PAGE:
Thanks to the efforts and requests of Miss Edwards, the authorization was given to us in 1885, and my work was published in the Revue de Médecine the same year. It obtained the Godard Prize (1886) of the Academy of Medicine. Since then, this type of radicular palsy has been given the name ‘Klumpke type of brachial plexus radicular palsy’ in the French and foreign literature.
Already during our first externship year, although our admission to the internship contest was unlikely, Miss Edwards and I were following internship lessons under Mr Queyrat, Mr Legendre and Mr de Colleville. Mr Queyrat was very good to us and gave use a specific teaching to train ourselves for this so special preparation to the contest.
Miss Edwards made request after request. The fight was intense, and the tension became particularly acute during spring 1885, when all preparation courses were closed to us. In July, we did not know if we would be authorized to take the contest in October. In August, we were admitted by the Prefect of the Seine, despite the negative advice from the Dean of the Faculty, the Medical Society of Hospitals and the Surgical Society of the Hospitals in a plenary session, the Surveillance Council of the ‘Assistance Publique’, and contrary to the advice of the Association of the Former Interns of the Paris Hospitals.
In fact, it was a political decision, which we owed to Paul Bert, who was Minister, and who belonged to the developing movement of women emancipation and organization of secondary schools for girls.
I took the internship contest in 1885 and 1886. In 1885, I was appointed second temporary intern, and in 1886, sixteenth full intern. At the written examinations, I got each time the highest mark given at these contests.
My health had been slightly affected by this working life, together with anxiety and fights for the contest. I needed a rest, and my physician advised a stay in Italy, so I spent two months in Florence with my elder sister.
On my return, in 1886, I replaced interns, and worked as a temporary intern during 4 months in the surgical service of Prof. Paul Berger and Dr. Gérard Marchant. At the end of 1886, I did another intern replacement at ‘Hôtel-Dieu’ in the service of my dear mentor Empis (service of medicine). The attitude of the interns towards me was irreproachable, as it was to be during all my work as a titular intern.
In 1887, I did my first year as a titular intern in Dr. Balzer’s service at ‘L’Hôpital de Lourcine’, now Broca Hospital.
In 1888, I did my second year at Tenon Hospital in the service of my dear mentor Prof. Landouzy (service of medicine and newborns). Then, I got married (fig. 3) and my internship was interrupted.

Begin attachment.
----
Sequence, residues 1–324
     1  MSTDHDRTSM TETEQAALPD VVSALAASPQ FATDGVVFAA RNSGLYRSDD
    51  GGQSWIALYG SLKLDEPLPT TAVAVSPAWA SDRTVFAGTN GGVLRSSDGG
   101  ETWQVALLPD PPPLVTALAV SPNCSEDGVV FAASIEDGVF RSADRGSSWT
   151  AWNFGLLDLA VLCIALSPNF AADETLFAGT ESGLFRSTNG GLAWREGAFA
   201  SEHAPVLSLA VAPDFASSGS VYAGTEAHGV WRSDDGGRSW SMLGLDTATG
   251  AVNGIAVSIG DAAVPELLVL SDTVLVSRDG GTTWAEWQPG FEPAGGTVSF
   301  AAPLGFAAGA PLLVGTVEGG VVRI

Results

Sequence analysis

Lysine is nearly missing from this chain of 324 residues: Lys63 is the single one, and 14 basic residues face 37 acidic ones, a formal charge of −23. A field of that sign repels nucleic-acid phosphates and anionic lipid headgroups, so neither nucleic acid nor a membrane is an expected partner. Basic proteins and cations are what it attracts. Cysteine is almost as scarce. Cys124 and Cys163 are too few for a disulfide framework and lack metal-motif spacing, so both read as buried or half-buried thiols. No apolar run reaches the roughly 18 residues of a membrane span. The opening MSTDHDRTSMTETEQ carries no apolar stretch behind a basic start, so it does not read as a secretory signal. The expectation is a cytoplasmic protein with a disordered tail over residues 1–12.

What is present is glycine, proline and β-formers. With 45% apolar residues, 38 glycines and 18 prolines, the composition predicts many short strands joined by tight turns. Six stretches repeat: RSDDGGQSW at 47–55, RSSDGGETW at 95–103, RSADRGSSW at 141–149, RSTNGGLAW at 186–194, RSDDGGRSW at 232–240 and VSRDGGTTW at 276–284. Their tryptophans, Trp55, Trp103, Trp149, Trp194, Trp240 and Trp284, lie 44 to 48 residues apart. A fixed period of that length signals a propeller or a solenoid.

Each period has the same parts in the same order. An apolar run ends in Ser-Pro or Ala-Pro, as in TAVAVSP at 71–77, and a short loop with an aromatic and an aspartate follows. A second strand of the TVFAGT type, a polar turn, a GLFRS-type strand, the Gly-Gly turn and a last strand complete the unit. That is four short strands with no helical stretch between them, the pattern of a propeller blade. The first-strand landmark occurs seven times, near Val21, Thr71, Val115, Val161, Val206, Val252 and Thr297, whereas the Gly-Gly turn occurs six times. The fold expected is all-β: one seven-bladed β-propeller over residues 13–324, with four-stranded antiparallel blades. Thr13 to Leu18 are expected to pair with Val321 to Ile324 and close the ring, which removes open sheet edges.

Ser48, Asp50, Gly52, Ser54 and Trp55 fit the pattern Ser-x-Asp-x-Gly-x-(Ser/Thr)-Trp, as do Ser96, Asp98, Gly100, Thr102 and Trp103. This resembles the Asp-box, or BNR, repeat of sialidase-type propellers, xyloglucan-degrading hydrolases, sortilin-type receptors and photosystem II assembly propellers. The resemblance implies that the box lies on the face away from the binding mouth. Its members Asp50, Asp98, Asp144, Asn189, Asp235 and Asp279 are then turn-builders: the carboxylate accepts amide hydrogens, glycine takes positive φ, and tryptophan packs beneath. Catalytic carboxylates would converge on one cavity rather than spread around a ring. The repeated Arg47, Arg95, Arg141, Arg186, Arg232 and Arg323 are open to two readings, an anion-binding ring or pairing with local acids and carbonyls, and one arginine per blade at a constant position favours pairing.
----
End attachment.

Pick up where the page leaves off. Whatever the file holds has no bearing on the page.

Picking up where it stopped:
Fig. 3. Announcement of the marriage between Jules Déjerine and Augusta Klumpke, July 14, 1888 at L’oratoire du Louvre in Paris.
My doctoral thesis was accepted in 1889, for which most documents had been collected during my 2 years of externship in the service of my eminent mentor Vulpian at ‘Hôtel-Dieu’, or in Mr Déjerine’s service at ‘Bicêtre’. The title of my thesis was ‘Des polynévrites en général et des paralysies et atrophies saturnines en particulier. Etude clinique et anatomo-pathologique.’ (About polyneuritis in general and saturnian palsies and atrophies in particular. Clinical and anatomopathological study.) It was won the silver medal at the Paris Faculty of Medicine and the Lallemand Prize (1890) at the Academy of Sciences (‘Institut de France’) (fig. 4).
Fig. 4. Augusta Klumpke (left) at the age of 30 years with the wife of Dr. Paul Dubois, a Swiss psychiatrist and close friend of Jules Déjerine.
This text shows an extraordinary dynamism in this young American girl, who came to Paris to study medicine, and finally became one of the first women in France to obtain a hospital position, first as an extern, and then as an intern, before contributing to major topics in neurology, with or without her husband Jules Déjerine, with whom she had formed a famous and critically efficient team. From 1885 to 1926 we have recorded 56 important publications by Augusta Déjerine-Klumpke, without including her critical contribution to Jules Déjerine’s textbooks. She was also the first woman to become president of the French Society of Neurology, in 1914. Her last official contribution was her speech on the occasion of the celebration of the centenary of Vulpian’s birth (fig. 5); shortly before she passed away at the age of 68 years. The present document gives an interesting, lively perspective on her youth years, which made this young woman in the position to obtain unexpected achievements.
Fig. 5. First page of proofs of Augusta Déjerine-Klumpke’s speech at the celebration of the centenary of the birth of Vulpian.
We would like to thank Mr Jean-Claude Sorrel-Déjerine for his invaluable help. The help of Sebastian Dieguez was also appreciated.thank Mr Jean-Claude Sorrel-Déjerine for his invaluable help. The help of Sebastian Dieguez was also appreciated.
Julien Bogousslavsky, MD
Department of Neurology, University of Lausanne
CH–1011 Lausanne (Switzerland)
Tel. +41 21 314 12 20, Fax +41 21 314 12 31
Received: February 15, 2005
Accepted: March 3, 2005
Published online: April 28, 2005
Number of Print Pages : 8
Number of Figures : 5, Number of Tables : 0, Number of References : 8
Vol. 53, No. 3, Year 2005 (Cover Date: Released June 2005)
Journal Editor: Bogousslavsky, J. (Lausanne)
ISSN: 0014–3022 (print), 1421–9913 (Online)
For additional information: http://www.karger.com/ene